Role of TSC-22 during early embryogenesis in Xenopus laevis

Authors

  • Akiko Hashiguchi,

    1. Department of Biological Sciences, Graduate School of Science, The University of Tokyo, 7-3-1 Hongo, Bunkyo-ku, Tokyo 113-8654,
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  • Koji Okabayashi,

    1. International Cooperative Research Project (ICORP), Japan Science and Technology Corporation (JST) and
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  • Makoto Asashima

    Corresponding author
    1. International Cooperative Research Project (ICORP), Japan Science and Technology Corporation (JST) and
    2. Department of Life Sciences (Biology), Graduate School of Arts and Sciences, The University of Tokyo, 3-8-1 Komaba, Meguro-ku, Tokyo 153-8902, Japan.
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*Author to whom all Correspondence should be addressed.
Email: asashi@bio.c.u-tokyo.ac.jp.

Abstract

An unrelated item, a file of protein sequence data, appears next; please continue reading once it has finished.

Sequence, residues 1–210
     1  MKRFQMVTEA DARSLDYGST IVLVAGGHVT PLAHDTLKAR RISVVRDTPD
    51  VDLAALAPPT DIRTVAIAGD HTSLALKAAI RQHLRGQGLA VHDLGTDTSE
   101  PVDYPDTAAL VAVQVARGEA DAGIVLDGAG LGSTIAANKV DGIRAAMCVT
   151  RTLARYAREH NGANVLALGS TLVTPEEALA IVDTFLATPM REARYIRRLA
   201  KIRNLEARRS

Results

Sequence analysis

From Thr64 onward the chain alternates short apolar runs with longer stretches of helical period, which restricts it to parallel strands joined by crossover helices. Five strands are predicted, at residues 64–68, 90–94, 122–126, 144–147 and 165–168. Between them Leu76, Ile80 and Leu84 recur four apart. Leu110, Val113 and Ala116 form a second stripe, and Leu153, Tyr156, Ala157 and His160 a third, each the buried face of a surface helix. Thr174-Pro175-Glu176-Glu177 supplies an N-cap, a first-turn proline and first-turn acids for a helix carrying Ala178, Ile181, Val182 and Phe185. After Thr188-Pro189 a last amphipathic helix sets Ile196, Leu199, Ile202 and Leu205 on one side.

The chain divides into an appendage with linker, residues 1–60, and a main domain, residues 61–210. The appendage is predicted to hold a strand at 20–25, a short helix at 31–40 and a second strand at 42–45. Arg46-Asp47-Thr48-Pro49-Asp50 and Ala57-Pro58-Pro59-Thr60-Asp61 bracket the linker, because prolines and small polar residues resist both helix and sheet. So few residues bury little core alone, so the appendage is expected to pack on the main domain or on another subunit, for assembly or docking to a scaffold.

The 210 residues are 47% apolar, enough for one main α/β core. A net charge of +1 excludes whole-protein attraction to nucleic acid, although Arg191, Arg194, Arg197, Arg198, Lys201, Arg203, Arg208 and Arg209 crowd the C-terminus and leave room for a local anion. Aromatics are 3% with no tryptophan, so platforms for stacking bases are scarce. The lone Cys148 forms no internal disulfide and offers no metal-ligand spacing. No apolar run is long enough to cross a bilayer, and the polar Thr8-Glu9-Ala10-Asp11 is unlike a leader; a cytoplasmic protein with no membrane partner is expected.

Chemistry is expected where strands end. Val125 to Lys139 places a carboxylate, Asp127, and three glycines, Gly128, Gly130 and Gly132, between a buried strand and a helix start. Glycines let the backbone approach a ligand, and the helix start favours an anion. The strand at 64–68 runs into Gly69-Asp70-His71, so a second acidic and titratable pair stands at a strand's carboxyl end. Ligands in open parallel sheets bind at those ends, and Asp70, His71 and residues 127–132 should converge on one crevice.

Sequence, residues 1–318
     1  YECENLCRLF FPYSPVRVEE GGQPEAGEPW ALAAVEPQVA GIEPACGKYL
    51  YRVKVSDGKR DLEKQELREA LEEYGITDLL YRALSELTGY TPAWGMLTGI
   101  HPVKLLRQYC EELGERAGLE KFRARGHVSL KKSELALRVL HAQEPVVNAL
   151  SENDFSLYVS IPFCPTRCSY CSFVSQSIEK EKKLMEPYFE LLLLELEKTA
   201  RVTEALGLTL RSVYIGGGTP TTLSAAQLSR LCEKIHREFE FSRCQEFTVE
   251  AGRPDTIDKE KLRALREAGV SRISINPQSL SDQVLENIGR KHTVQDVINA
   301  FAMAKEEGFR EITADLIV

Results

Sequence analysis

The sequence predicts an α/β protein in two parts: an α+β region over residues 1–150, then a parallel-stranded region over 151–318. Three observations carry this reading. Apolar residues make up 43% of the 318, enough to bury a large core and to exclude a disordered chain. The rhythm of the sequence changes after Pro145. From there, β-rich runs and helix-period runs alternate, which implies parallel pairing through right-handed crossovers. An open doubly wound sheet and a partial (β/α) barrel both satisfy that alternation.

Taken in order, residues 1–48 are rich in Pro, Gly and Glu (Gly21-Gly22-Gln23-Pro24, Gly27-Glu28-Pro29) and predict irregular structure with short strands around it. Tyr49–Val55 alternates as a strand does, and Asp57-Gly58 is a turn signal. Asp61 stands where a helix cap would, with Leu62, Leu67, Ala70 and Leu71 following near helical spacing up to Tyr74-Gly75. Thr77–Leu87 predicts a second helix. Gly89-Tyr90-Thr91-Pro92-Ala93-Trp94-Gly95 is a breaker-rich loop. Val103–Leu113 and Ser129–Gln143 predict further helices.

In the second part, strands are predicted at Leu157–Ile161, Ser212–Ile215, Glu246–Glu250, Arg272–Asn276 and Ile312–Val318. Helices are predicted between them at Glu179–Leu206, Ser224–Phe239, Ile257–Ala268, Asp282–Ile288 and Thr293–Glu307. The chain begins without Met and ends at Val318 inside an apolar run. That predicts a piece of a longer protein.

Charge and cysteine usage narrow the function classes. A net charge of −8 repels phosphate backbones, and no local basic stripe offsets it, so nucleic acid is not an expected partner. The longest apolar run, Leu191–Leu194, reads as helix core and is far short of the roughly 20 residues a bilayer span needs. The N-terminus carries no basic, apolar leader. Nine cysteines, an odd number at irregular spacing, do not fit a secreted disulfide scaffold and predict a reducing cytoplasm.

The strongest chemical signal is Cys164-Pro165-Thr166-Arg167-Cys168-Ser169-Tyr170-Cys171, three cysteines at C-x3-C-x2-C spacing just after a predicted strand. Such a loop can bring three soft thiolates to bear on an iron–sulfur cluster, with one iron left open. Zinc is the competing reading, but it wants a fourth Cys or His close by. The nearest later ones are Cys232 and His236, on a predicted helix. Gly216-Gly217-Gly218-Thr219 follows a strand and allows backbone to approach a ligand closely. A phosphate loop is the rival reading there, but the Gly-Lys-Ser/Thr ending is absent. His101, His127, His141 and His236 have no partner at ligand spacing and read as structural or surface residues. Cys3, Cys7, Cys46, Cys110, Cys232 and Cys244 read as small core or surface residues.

Transforming growth factor-β1-stimulated clone 22 (TSC-22) encodes a leucine zipper-containing protein that is highly conserved. During mouse embryogenesis, TSC-22 is expressed at the site of epithelial–mesenchymal interaction. Here, we isolated Xenopus laevis TSC-22 (XTSC-22) and analyzed its function in early development. XTSC-22 mRNA was first detected in the ectoderm of late blastulae. Translational knockdown using XTSC-22 antisense morpholino oligonucleotides (XTSC-22-MO) caused a severe delay in blastopore closure in gastrulating embryos. This was not due to mesoderm induction or convergent-extension, as confirmed by whole-mount in situ hybridization and animal cap assay. Cell lineage tracing revealed that migration of ectoderm cells toward blastopore was disrupted in XTSC-22-depleted embryos, and these embryos had a marked increase in the number of dividing cells. In contrast, cell division was suppressed in XTSC-22 mRNA-injected embryos. Co-injection of XTSC-22-MO and mRNA encoding p27Xic1, which inhibits cell cycle promotion by binding cyclin/Cdk complexes, reversed aberrant cell division. This was accompanied by rescue of the delay in blastopore closure and cell migration. These results indicate that XTSC-22 is required for cell movement during gastrulation though cell cycle regulation.

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